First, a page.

For this special project, we talk to 12 creatives and designers aged 19 to 87 about their experiences in the creative industry, their hopes and dreams, the changes they have witnessed during their career so far, and what further developments they hope may come in the future. This time we talk to director Andrew Thomas Huang, aged 37
Andrew Thomas Huang grew up in LA, on the doorstep of the entertainment industry, and was raised on a diet of 1990s MTV and the work of Spike Jonze and Chris Cunningham. Both directors are known for their memorable video work and collaborating with experimental musicians such as Björk. Little did Huang know he would one day join their ranks.
Keen on a career in film, he was advised to study art, “because the technology will change but your eye won’t”, and went on to do a degree in fine art and animation at the University of Southern California. He made his first film while at university, which went viral (director JJ Abrams called him the day after he graduated). “It was an immense amount of exposure coming out of school,” he says. “It was quite scary, actually, because no one really teaches you how to handle that.”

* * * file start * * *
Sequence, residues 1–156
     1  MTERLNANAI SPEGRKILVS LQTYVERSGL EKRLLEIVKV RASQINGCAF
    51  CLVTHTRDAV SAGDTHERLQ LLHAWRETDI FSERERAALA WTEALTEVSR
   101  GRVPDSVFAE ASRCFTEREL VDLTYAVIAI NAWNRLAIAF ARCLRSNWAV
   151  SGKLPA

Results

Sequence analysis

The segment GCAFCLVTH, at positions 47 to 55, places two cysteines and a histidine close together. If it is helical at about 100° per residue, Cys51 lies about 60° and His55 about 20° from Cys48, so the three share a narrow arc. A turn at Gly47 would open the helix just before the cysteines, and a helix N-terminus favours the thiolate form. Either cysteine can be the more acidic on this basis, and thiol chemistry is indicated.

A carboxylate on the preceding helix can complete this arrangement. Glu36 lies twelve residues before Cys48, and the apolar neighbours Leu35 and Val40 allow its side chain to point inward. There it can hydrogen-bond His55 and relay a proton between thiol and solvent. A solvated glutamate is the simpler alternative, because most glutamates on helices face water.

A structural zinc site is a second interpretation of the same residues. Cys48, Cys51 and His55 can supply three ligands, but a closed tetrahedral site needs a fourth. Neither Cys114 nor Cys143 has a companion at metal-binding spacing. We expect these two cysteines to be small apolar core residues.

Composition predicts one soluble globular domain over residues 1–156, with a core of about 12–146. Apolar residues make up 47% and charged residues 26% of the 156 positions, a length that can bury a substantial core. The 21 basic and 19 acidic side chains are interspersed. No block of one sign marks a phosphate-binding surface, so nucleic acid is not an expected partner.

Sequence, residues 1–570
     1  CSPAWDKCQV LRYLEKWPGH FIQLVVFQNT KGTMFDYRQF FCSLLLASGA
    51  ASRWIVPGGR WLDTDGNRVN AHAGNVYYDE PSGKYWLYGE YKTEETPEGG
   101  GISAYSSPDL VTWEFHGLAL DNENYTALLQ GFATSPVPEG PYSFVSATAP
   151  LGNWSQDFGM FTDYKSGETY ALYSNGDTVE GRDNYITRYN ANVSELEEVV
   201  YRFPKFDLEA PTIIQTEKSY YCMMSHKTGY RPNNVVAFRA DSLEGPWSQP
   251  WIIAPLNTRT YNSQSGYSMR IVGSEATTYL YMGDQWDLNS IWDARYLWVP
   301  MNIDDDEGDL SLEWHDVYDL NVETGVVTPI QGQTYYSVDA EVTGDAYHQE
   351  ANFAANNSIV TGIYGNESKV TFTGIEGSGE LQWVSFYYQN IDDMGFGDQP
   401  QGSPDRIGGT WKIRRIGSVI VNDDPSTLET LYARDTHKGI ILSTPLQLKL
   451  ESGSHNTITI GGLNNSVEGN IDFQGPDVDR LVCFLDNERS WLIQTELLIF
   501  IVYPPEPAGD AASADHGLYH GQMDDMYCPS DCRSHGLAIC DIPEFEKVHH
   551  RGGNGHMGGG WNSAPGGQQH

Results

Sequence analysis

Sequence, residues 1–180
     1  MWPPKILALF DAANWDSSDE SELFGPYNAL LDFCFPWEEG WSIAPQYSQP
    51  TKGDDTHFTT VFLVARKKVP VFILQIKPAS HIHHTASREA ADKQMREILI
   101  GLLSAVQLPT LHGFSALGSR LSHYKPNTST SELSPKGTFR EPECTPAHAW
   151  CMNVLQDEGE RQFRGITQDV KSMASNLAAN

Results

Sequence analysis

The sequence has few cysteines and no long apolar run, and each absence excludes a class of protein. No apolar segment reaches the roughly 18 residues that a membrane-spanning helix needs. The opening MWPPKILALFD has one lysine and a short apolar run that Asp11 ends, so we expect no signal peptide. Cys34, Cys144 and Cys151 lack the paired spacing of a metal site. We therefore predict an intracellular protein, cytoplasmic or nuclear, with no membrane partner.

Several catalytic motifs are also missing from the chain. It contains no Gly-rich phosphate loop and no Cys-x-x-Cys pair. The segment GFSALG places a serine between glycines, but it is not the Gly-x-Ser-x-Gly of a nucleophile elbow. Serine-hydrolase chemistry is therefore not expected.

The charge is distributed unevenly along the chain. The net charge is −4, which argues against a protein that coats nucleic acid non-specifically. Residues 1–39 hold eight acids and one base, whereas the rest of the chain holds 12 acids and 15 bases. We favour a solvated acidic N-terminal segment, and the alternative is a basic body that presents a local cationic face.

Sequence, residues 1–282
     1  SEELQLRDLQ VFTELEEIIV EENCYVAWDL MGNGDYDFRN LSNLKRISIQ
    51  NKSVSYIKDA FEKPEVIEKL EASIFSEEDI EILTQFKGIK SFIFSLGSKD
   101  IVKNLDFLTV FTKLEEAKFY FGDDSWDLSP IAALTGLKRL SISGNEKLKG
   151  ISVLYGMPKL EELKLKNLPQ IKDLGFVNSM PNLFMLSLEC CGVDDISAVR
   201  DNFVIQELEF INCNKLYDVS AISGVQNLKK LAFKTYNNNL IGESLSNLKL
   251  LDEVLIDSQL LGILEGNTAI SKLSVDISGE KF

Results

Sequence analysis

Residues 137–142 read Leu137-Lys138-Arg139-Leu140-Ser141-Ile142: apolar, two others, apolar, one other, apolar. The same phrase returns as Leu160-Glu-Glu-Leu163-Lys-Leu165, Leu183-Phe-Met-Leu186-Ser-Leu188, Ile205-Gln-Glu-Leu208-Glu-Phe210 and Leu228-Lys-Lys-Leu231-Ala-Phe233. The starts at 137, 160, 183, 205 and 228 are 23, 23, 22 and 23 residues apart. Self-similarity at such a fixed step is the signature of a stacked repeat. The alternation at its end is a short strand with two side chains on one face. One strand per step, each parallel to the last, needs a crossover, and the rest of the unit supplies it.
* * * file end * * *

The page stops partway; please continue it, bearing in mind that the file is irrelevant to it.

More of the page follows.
He emerged into the working world around the 2008 financial crash, so he picked up commercial gigs to tide himself over. “The conventional wisdom was: do every job you can, because you’re lucky to even be working,” he remembers. “I think that’s good advice for a certain time in your life, but I think that I was going against my instincts.”